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History

close up of grayish leaf

Absinth wormwood has a long history of human use for its intoxicating and medicinal properties. It contains the chemical thujone, which affects the central nervous system. Extracts are reported to be useful for pain relief and stimulating appetite, and “wormwood” oil has been used to treat parasitic worms. This species is native to Europe and was intentionally introduced to North America. Its seeds were sold commercially in the U.S. as early as 1832, and just nine years later it was viewed by some as an established weed of roadsides. It now occurs in all southern Canada provinces and northern U.S. states.

Identification

grayish stems with numerous nodding flower heads

Absinth wormwood is a large statured perennial forb that can reach five feet tall. Its scent has been described as reminiscent of sage, but not as pleasant. Leaves
are two to five inches long and deeply lobed and dissected, and leaves and stems are covered with fine hairs that give the plant a grayish appearance (photo above). Flower stalks produce numerous nodding flower heads that are about 1/8 inch in diameter (photo, right).

Impacts

The ecological impacts and invasive potential of absinth wormwood are not well-documented. It commonly grows in disturbed areas such as roadsides, waste areas and overgrazed pastures where it can form dense stands (photo, below right). However, absinth wormwood does not generally form dense stands in undisturbed perennial plant communities. Absinth wormwood is described as unpalatable to fairly palatable for cattle, as it is reported to have a bitter taste. If cattle do browse the plant, it can give an unpleasant taste to their milk.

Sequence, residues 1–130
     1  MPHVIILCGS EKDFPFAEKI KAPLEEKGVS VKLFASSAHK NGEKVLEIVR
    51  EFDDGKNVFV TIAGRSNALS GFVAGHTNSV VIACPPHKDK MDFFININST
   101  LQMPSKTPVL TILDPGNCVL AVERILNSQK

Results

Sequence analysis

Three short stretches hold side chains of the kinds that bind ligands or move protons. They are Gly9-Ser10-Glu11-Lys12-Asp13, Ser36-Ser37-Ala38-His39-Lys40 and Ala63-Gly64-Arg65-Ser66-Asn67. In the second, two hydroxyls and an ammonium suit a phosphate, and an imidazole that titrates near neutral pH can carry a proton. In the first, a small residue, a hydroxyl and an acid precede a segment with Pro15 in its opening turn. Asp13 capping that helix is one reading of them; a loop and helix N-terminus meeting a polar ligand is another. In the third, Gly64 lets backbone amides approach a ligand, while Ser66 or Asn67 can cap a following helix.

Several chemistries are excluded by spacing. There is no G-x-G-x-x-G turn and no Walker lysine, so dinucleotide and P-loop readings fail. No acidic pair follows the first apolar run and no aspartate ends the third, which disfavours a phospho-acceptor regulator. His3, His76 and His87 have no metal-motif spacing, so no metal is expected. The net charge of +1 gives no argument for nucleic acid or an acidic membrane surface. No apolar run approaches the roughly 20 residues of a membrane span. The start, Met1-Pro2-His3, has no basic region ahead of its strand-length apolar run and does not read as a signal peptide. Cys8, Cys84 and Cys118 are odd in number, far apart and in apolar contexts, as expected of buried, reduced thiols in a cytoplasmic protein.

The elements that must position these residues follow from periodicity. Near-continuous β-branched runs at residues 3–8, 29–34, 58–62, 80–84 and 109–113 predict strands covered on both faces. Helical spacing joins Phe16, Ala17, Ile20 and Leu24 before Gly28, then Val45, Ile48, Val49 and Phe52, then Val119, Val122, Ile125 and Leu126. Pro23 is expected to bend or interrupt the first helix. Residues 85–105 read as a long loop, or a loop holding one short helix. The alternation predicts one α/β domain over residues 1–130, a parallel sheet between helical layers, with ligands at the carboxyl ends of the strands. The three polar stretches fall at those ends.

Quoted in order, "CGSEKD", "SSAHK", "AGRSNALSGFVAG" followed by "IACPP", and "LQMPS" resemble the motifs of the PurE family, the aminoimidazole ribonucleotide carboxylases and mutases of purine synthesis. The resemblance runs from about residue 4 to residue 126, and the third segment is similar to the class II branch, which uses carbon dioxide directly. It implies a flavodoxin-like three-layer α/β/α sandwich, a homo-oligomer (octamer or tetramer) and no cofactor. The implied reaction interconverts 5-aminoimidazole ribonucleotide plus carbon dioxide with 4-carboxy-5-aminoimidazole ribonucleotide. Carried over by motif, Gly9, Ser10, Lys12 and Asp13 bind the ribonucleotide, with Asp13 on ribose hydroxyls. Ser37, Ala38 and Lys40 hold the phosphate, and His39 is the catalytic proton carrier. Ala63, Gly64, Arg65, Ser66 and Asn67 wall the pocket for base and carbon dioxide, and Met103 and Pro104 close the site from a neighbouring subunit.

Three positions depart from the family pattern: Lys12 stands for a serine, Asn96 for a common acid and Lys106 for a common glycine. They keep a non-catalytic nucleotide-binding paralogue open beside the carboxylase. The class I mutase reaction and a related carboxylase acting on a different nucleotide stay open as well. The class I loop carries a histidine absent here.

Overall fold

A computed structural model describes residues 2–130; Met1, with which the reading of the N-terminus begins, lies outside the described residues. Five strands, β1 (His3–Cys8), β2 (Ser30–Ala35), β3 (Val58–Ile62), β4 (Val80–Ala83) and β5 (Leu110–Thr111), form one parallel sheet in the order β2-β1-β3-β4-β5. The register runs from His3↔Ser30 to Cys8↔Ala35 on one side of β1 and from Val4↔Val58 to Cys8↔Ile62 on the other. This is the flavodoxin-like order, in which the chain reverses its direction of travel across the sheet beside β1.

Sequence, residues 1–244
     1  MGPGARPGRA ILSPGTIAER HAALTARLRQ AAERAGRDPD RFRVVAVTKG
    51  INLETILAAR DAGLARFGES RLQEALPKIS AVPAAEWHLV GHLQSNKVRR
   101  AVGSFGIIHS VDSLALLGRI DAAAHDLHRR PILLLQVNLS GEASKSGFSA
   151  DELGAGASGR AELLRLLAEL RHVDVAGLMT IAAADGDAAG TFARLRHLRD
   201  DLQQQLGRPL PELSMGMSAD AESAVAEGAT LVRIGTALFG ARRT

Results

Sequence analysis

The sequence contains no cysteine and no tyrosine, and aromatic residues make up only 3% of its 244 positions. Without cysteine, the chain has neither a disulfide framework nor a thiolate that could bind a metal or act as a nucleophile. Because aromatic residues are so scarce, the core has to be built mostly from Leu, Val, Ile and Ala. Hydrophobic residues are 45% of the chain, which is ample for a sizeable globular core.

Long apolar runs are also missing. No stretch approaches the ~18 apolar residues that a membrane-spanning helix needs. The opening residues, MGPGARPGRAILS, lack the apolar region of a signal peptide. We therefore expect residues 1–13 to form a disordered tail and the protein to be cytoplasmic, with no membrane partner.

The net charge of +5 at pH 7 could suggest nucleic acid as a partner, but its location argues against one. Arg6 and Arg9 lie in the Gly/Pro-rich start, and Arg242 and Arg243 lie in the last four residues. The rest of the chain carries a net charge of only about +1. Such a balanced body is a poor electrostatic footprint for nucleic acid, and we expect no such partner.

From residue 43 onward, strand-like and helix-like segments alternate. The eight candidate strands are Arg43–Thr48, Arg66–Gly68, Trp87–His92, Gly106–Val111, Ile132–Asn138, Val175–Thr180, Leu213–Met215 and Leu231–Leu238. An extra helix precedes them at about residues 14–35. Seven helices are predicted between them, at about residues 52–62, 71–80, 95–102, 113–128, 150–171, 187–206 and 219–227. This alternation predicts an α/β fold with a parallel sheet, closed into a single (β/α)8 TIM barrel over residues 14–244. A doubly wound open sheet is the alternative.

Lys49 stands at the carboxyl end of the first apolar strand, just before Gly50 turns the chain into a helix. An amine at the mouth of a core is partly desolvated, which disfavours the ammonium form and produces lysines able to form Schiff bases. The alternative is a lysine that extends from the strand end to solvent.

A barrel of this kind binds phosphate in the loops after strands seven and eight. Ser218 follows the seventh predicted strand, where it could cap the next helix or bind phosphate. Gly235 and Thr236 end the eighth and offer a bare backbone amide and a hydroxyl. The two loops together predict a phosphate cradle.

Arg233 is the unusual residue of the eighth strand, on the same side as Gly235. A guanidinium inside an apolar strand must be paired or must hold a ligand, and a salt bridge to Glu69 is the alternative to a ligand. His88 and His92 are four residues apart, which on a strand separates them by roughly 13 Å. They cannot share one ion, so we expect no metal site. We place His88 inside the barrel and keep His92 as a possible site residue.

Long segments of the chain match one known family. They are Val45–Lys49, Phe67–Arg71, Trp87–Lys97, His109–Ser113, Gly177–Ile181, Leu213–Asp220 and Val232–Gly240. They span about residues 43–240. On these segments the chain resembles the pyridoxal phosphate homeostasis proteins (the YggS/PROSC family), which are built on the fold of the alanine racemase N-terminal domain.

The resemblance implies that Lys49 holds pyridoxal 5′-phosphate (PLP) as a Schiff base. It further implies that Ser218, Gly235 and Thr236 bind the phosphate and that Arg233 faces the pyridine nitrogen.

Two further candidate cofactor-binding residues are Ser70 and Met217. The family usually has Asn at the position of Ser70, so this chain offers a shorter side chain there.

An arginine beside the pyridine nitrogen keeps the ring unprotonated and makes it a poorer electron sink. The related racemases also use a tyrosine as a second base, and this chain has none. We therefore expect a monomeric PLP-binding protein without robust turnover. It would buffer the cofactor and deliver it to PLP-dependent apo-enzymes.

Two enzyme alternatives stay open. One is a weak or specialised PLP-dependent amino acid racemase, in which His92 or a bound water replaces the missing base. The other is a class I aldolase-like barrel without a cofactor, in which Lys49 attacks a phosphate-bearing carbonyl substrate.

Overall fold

Habitat

growing on trailside

Absinth wormwood is most successful in areas with plentiful moisture. It lacks the interxylary bark on the roots that protects many Artemisia species from desiccation, which helps explain its relatively poorer performance on dry sites. While this species has been observed to die out on gravelly soils during drought, it can persist in ravines, ditches, and slopes with a north aspect during these same periods. Seedlings are not competitive with established perennial vegetation, and bare ground or disturbance is favorable for their establishment. This species grows most prolifically in fencerows, roadsides, gravel pits, abandoned fields, and overgrazed pastures.

Spread

Absinth wormwood reproduces only by seed. It is a prolific seed producer, and seeds remain viable in the soil for about four years. Seeds do not have specialized structures for dispersal by wind or animals, but they can float, allowing dispersal along waterways. Some sources mention the possibility of vegetative reproduction or weakly rhizomatous growth of absinth wormwood, but the original source of this information is unknown.

Management Priorities

In Montana absinth wormwood is listed as a noxious weed in four counties, and neighboring states have listed it. There are several control methods available. First, since seedlings are not competitive with perennial grasses, maintaining or establishing a vigorous perennial plant community is a priority for preventing establishment and limiting spread. Existing populations should be managed with a focus on preventing seed production. Herbicide is effective if applied at the appropriate time. Many products are available including those with the active ingredients picloram, aminopyralid, 2,4-D, dicamba, and glyphosate. Hand-pulling or digging may be effective for controlling small patches and young plants. Mowing prior to seed production can also help control absinth wormwood, but repeated mowing is necessary as plants will resprout and form new flowering stalks.

*all photos by Matt Lavin, Montana State University